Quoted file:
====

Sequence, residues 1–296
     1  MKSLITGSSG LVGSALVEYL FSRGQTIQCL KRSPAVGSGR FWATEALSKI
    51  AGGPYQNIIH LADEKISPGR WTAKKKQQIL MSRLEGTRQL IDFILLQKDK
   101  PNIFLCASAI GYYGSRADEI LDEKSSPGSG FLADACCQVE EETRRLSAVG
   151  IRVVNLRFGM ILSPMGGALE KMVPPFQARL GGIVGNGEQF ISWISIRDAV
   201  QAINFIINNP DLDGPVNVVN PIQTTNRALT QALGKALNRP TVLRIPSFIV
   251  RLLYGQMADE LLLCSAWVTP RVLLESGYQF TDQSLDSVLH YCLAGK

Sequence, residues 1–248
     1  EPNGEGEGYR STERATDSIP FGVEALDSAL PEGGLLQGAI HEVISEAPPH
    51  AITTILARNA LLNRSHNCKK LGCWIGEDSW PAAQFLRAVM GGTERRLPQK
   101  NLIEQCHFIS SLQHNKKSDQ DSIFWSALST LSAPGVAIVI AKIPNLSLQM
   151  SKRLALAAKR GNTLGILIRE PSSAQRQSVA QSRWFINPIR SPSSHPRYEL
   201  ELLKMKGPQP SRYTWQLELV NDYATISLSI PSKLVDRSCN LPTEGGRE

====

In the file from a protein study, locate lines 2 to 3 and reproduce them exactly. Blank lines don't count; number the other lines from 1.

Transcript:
     1  MKSLITGSSG LVGSALVEYL FSRGQTIQCL KRSPAVGSGR FWATEALSKI
    51  AGGPYQNIIH LADEKISPGR WTAKKKQQIL MSRLEGTRQL IDFILLQKDK